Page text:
My research aims to make Augmented Reality (AR) feasible for robot assisted surgery. In contrast to open surgery, robot-assisted surgery can decrease the patient recovery times from months to weeks.

Research Description

My research aims to make Augmented Reality (AR) feasible for robot assisted surgery. In robot assisted surgery a surgeon makes minimal precise incisions by reaching inside a patient’s body using miniature instruments and a camera mounted on robotic arms. The system while providing the same dexterity as human hands enables a precise and safe surgery leading to reduced recovery time from months to weeks in comparison to open surgery. However, like open surgery, the concerns of incomplete cancer removal remain; primarily because of unclear boundaries between healthy and cancerous regions in the camera image. The boundaries, although, are visible in medical imaging data such as Magnetic Resonance Imaging (MRI), constant juggling between the MRI and the camera image, while performing surgery, is impractical. Here, Augmented Reality can help by projecting information like tumor locations, retrieved from medical data like MRI, directly on top of the organ in real-time. Based on this, the surgeon can make the most optimum incision. However AR is not yet mainstream in robot assisted surgery because of the very low margin of errors needed and practical restrictions of safety and sterility in an operating theater. Simply put, my research is two-pronged: First part is to come up with the most accurate and real-time algorithms that need no external equipment during surgery to superimpose the tumours detected through MRI (for example) directly on the surgical camera view. The second part of my research relates more with the manner in which we display the tumour in the camera. More precisely, we need to find the balance of what is the best way of showing the tumour in the surgical camera view so that it does not create visual clutter and block the surgeon's view itself of where to make the incision.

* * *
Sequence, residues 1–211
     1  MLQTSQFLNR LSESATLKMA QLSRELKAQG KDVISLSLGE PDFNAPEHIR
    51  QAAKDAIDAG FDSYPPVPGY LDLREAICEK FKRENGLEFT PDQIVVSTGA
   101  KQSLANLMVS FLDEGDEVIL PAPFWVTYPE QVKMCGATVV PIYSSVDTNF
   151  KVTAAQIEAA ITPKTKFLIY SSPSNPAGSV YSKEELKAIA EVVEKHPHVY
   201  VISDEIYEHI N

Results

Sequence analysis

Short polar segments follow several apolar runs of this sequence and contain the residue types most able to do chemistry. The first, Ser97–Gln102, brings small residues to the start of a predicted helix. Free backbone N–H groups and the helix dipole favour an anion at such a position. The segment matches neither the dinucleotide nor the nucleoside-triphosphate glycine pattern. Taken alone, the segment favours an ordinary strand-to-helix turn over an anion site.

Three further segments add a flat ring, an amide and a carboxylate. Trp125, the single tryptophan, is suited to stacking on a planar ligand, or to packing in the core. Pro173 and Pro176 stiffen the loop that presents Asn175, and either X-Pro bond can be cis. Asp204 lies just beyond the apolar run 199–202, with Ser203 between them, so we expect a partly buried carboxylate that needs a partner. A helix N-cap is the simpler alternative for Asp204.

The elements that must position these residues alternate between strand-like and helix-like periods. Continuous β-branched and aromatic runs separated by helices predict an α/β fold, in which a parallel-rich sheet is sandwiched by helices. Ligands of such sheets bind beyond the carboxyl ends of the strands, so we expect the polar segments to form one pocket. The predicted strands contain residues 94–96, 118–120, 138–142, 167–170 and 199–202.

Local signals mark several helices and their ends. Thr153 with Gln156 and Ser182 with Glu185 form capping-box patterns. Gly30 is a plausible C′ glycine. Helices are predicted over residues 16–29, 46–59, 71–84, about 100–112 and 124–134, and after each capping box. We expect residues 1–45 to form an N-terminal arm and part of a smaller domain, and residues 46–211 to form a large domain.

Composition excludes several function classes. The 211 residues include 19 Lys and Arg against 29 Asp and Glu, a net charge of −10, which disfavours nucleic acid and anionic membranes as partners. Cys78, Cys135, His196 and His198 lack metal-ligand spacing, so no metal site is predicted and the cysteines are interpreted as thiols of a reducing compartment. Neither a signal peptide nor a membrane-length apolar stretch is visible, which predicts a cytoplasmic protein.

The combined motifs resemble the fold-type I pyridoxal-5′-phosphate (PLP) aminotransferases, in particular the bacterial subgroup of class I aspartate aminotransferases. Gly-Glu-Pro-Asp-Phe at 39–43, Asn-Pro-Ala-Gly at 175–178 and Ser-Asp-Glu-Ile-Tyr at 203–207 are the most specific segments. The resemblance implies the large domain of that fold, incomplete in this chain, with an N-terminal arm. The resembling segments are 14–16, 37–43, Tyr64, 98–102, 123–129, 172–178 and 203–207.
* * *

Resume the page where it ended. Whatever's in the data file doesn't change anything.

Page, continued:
What does being a Public Scholar mean to you?

Being a public scholar to me means to disseminate the knowledge about the current state of my research to the general public and clinicians in simple, understandable language. I believe, as a public scholar, it is my responsibility to bring researchers, like myself, clinicians and the general public on the same table and engage in broader discussions. Direct interactions will also motivate young diverse minds to pursue a career in health technology research.

In what ways do you think the PhD experience can be re-imagined with the Public Scholars Initiative?

In the field of health technology, I see many self-motivated PhD students working on big questions that can affect human lives in unimaginable ways. Moreover, I see research itself as a collective effort where an entire research community is taking small steps towards a greater goal. Hence the statement, “Standing on the shoulders of the giants”. However, It’s ironic that so many PhD students feel isolated, unmotivated and go through a “midlife crisis” in the middle of their PhDs. PSI can help re-imagining the whole experience where the outcome of a PhD can be much more than just a 100 pages long PhD thesis. For me PSI can help engagement with end-users, such as clinicians, and establish partnerships to produce more meaningful and high quality research. The partnerships have allowed me to see my proposed methods in action where I don’t need to wait for years to validate their usefulness. PSI also allows and supports more cross-disciplinary research providing a test-bed to try out more creative and out -of the box ideas to solve the same old problems. PSI can also help provide a more profound PhD experience by creating a network of people striving to solve important engineering problems in the form of its many bright Public Scholars.